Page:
The Lundberg family has been farming for four generations. The local cafe in their small town of Richvale serves as a mini-museum of their evolution. Back in the 1930s, Albert Lundberg was farming wheat and corn in Nebraska. But eradicating the wild grasses and then over-farming the land led to deep erosion that helped contribute to the Dust Bowl crisis.

Homer Lundberg says his father sold what was left of his farm in Nebraska and moved to California's Sacramento River Valley with his wife and four sons, with an eye to sustaining the land. "He said 'We're going to leave this ground better than we found it. It's not going to be mining the soil, it's going to be building it up and improving it.'"

Albert Lundberg started by rotating crops -- he let the fields go fallow every other year to replenish the soil's nutrients, and used cover crops in the off season. "I guess he was an ecologist before people were even using the word, and we got that spirit," Homer Lundberg says.

Homer's older brother Harlan says he thinks the way his family is farming is the best way to farm. "I don't think what the ordinary farmer is doing can be long-term, because pretty soon the ground won't produce anymore. It'll just be poison."

Harlan Lundberg says it's all about protecting the best land for farming. "We've got to stop paving over our food-producing land. We just got to. Talk about short-sighted. If you want sustainability, you protect the land that grows our food -- end of sermon."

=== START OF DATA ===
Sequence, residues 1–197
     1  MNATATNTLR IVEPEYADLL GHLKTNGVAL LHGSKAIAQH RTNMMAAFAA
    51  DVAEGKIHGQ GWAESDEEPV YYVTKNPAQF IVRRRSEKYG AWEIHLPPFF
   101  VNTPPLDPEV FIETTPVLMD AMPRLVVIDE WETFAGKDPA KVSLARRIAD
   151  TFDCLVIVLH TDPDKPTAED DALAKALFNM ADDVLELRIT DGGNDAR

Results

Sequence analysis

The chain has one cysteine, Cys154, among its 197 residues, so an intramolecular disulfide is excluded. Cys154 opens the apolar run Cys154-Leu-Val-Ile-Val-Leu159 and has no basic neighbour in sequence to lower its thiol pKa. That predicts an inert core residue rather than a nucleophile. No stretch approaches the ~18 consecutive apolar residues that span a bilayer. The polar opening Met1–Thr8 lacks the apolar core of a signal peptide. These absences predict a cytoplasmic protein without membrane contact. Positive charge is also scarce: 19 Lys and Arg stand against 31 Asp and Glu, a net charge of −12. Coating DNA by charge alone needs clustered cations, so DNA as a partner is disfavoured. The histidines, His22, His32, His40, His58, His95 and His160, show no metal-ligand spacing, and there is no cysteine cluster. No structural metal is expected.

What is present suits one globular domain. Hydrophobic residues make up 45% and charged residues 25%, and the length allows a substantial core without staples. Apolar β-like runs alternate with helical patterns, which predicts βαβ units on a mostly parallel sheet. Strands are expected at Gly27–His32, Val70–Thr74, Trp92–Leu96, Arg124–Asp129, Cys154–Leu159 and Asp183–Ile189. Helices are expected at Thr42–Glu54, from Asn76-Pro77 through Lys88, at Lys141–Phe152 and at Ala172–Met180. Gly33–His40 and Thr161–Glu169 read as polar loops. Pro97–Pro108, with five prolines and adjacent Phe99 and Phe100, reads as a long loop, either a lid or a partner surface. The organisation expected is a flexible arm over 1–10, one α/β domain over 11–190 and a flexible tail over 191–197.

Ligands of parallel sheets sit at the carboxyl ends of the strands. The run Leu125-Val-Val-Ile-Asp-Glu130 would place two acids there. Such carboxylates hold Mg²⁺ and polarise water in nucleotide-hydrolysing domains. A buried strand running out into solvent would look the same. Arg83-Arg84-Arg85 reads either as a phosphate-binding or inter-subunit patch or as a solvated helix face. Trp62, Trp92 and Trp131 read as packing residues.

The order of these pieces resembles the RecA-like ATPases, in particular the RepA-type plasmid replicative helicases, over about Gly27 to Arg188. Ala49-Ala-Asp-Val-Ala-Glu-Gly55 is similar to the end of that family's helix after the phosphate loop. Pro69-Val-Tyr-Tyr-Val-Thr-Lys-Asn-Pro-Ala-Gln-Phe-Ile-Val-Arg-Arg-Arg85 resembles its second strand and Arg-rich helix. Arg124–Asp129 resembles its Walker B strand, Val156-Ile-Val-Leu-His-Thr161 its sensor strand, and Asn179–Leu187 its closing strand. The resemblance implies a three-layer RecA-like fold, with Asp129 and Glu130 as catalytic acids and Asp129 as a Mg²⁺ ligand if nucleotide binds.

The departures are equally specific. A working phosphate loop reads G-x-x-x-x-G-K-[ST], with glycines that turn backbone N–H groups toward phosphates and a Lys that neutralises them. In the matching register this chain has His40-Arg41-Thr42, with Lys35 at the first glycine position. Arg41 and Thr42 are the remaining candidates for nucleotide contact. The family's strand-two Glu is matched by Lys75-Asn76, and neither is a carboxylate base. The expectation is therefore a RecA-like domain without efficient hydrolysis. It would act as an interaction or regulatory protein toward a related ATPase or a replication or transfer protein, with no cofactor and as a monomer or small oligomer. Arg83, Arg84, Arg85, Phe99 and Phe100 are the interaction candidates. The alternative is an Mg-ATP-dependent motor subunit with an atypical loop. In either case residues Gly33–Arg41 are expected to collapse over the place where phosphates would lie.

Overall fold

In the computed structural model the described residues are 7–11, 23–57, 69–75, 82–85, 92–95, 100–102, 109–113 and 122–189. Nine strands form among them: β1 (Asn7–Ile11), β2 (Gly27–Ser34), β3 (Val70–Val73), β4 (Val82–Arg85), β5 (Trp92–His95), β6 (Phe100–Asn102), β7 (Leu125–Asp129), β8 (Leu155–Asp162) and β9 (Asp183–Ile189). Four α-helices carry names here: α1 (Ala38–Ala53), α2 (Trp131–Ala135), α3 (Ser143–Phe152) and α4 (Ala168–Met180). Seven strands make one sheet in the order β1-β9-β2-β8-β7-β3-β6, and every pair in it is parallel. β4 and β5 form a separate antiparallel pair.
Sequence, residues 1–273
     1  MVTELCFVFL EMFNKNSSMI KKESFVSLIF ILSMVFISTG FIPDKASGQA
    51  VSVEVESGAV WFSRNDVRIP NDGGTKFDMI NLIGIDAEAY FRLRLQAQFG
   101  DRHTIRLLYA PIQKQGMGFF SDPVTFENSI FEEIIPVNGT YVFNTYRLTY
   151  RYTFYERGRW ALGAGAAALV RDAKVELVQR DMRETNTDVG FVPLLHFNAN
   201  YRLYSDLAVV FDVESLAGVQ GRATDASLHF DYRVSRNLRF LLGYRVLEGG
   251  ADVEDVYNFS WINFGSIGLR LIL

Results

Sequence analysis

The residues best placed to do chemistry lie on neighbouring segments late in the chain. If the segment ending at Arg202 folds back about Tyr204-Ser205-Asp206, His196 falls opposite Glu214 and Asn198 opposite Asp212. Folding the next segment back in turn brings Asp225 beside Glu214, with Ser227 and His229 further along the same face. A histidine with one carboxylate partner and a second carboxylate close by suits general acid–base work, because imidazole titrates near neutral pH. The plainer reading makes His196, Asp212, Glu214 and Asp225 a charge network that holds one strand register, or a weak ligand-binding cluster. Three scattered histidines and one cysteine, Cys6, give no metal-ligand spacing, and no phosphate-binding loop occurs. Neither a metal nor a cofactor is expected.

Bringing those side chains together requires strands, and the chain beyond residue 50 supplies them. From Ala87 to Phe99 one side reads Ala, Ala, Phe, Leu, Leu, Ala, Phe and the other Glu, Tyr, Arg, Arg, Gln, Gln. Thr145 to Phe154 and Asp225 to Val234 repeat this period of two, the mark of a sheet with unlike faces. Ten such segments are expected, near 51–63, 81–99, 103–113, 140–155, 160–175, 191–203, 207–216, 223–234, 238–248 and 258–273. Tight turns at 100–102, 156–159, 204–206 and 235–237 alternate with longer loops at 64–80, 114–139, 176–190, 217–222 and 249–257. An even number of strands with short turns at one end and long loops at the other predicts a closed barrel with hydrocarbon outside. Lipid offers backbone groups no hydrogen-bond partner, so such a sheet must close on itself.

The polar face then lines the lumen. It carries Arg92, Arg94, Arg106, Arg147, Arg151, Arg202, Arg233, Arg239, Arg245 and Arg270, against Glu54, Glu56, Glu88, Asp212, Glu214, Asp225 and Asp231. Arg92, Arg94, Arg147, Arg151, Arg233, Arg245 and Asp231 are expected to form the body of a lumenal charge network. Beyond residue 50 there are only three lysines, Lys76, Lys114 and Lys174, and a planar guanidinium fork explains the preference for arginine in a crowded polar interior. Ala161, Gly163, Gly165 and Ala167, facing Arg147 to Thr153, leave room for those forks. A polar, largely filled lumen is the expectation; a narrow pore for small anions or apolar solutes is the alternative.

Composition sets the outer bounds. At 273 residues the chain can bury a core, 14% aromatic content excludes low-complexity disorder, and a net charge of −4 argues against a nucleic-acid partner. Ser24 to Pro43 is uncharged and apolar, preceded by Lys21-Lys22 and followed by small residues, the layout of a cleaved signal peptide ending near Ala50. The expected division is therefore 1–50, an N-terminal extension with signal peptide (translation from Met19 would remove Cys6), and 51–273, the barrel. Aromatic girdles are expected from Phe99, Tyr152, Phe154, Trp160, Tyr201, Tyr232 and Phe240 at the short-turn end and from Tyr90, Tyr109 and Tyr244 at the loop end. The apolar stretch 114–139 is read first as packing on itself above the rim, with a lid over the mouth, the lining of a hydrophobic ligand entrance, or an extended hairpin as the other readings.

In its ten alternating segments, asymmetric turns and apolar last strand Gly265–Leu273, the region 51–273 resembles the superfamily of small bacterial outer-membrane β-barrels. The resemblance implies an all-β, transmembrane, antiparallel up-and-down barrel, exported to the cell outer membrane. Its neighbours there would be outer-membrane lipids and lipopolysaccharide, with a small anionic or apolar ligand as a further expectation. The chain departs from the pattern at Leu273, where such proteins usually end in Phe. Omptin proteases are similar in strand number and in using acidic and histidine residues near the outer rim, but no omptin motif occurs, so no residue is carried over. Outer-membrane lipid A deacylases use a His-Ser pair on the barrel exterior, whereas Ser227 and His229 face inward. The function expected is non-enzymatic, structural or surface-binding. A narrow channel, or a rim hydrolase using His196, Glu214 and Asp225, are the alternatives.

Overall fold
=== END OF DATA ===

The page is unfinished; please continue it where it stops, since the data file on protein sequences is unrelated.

• Comment | Refresh

  • By Jermaine Barksdale


    Merely on the internet checking things out ... adore the photos! I try to know by considering other images, also. Feel free to surf to my blog: [url=http://www.bigcotton.com]big cotton[/url]

    By Greg Murphy

    From Boston, MA, 05/26/2008

    I've been eating Lundberg Organic Short Grain Brown Rice for over 30 years! When organic food was but a fringe concept these people were doing it right!

    By Kathy Lorenzato


    Thank you for this heart-warming story. I enjoy shopping at the Davis Food Co-op where I can find many different kinds of organic Lundberg rice (they have particularly nice combinations during the Christmas season). This story made me proud of our organic farmers in Northern California, and happy that I can help to sustain them economically in my choice of groceries.

    By Valerie Jhaveri


    Regarding the paving over of our farmland, what has happened over the last 40 or so years just south of Seattle, from South Park to down past Kent, is an outrage. We moved here because of the proximity of local vegetable farms and dairies. We now see miles of warehouses and two huge malls. Our food is being trucked or flown in from who knows where. YES! Something has got to be done to save our farmlands and our small family farms! Some years ago King County tried a so-called Green Belt - to no avail - and the asphalt just keeps spreading. Sometimes I wonder if a national policy for food source preservation should be implemented. I know that that smacks of "federalism", but "something's gotta give."